at university hospital Salzburg, Intensive care physician Andreas Kokofer is seeing the rise of COVID-19 infections with a serious urgency. with the arrival of cases Daily record high 15,809 On November 19, Kokofar and his colleagues are preparing themselves for an influx of patients.
The state of Salzburg is a particular hotspot of the current outbreak, in which 1,731 cases per 100,000 people In the past seven days, compared to 1,110 across Austria. With the situation expected to worsen in the coming weeks, hospital administrators across the region are likely to consider making tough decisions on which COVID-19 patients will qualify for intensive care, and which will not.
So how did Austria end up in such a dire situation, while many countries are devising an exit strategy from the pandemic? The reasons for decreased levels of immunity to a social and cultural storm fueled by long-standing political divisions are manifold, which has led many Austrians to reject COVID-19 vaccines.
Importantly, what Austria is experiencing could soon affect the scores of other countries – and it all comes down to a precarious balance of numbers. As the crisis threatened to spiral out of control, Austrian Chancellor Alexander Schalenberg was forced into a decision that seemed unimaginable just weeks ago. As of Monday, the country has entered month-long national lockdown, heralding the return of restrictions many had hoped would be gone for good. As of 2020, the Austrian population has been asked to stay at home and only leave the house for essential purposes. Schools remain open, although parents have been told to keep their children at home if possible.
This decision has been taken with anger in some corners of the country. Last weekend, 40,000 people took to the streets in Vienna, carrying some provocative placards comparing Schalenberg to Nazi leaders.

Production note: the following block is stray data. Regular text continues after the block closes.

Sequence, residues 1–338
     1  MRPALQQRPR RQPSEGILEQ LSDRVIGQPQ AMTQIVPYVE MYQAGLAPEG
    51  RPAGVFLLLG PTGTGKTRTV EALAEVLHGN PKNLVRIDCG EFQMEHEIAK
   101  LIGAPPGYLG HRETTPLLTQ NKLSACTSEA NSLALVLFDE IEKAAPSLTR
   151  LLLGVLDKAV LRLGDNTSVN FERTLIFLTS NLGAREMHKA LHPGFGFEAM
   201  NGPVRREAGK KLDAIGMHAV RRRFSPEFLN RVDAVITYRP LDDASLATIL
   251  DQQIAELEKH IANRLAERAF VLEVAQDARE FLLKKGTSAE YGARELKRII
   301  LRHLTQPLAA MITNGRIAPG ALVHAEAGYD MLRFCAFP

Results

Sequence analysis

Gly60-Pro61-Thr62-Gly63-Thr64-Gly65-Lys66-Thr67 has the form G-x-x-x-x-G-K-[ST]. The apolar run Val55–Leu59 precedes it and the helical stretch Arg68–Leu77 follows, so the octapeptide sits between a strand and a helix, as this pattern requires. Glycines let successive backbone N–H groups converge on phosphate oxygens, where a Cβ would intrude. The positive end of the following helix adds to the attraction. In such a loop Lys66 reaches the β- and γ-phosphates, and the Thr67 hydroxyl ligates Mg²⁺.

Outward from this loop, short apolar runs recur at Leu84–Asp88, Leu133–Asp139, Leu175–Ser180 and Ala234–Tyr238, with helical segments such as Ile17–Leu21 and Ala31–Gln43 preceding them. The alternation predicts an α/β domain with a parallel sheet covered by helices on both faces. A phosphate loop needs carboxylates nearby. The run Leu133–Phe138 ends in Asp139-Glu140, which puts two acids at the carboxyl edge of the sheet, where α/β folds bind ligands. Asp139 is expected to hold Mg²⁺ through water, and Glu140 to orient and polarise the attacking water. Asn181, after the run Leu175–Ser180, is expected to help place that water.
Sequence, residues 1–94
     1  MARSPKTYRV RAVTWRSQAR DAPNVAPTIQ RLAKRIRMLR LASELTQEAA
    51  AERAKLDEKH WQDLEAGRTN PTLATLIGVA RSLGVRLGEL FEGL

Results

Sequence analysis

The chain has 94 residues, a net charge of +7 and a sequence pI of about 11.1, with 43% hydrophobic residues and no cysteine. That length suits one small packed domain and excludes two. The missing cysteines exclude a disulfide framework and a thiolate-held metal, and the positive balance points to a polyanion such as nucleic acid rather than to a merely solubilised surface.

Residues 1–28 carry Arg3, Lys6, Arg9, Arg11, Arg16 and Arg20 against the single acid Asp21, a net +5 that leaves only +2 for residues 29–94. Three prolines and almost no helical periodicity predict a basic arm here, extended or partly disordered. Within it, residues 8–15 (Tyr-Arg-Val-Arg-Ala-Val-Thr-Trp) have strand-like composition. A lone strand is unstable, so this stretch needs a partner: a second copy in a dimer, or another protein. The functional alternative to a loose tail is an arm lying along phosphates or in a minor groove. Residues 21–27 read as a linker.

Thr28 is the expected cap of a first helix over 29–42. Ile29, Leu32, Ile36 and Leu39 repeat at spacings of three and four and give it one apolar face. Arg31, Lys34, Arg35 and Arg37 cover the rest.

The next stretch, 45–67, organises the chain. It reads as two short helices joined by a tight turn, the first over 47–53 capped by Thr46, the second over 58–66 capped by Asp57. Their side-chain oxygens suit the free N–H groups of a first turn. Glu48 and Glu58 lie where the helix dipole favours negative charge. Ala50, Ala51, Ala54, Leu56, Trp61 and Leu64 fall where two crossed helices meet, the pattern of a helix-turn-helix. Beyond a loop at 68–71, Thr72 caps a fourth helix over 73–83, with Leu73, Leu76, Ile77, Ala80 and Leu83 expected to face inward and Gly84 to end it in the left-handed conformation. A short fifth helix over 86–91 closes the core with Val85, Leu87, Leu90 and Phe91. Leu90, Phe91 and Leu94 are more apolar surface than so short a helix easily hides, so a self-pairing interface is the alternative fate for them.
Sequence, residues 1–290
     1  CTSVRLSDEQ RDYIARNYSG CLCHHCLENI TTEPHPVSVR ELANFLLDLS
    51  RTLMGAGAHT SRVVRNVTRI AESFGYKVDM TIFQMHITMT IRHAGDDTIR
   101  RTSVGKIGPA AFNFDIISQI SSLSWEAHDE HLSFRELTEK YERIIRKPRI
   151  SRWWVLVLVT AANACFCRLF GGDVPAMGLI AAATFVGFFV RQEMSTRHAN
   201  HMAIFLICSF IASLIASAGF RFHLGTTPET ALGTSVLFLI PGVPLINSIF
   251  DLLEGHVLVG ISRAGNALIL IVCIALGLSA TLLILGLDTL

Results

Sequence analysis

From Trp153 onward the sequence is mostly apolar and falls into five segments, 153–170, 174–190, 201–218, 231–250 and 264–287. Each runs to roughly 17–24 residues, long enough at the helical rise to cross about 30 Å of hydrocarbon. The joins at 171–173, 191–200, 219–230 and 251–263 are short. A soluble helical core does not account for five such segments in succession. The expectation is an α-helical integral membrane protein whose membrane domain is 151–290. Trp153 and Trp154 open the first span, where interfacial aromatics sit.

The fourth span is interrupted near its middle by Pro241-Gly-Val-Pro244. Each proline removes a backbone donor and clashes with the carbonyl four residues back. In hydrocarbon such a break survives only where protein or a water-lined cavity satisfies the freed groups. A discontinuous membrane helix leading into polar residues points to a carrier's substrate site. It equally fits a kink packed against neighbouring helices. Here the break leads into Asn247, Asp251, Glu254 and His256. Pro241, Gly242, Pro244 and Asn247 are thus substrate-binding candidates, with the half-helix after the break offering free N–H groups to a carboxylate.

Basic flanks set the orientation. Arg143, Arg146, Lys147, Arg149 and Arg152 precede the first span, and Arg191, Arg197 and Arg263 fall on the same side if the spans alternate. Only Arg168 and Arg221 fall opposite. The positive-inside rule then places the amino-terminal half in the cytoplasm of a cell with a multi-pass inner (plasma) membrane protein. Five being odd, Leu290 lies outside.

But while doctors say the current crisis cannot be compared to the early days of the pandemic, they remain concerned about how the health care system will cope in the coming weeks. “The situation is tight,” Kokofer says. “We are having to cancel planned cancer and cardiac surgeries. The lockdown gives us some hope that the numbers will reach a level where it stabilizes.”
Although these new restrictions have unexpectedly affected many people in Austria, experts say the crisis has been going on for some time. According to Eva Scherenhammer, an epidemiologist at the Medical University of Vienna, the onset of winter and people staying indoors have made it easier for COVID-19 to spread. Immunity levels also began to drop in people who were vaccinated at the beginning of the year, making them more vulnerable to the delta variant.
Schernhammer suspects this is a particular problem for Austria, which has one of the lowest vaccination rates in Western Europe: 65.7 percent of the population is completely closed, a rate lower than the United Kingdom (68.7 percent), France, and Italy. and Germany. In comparison, Portugal has the highest vaccination rate in Europe, with 86.9 percent of its population being fully immunized. until 22 NovemberThe daily number of Covid-19 cases per million people in Portugal was 145, compared to 1,527 in Austria.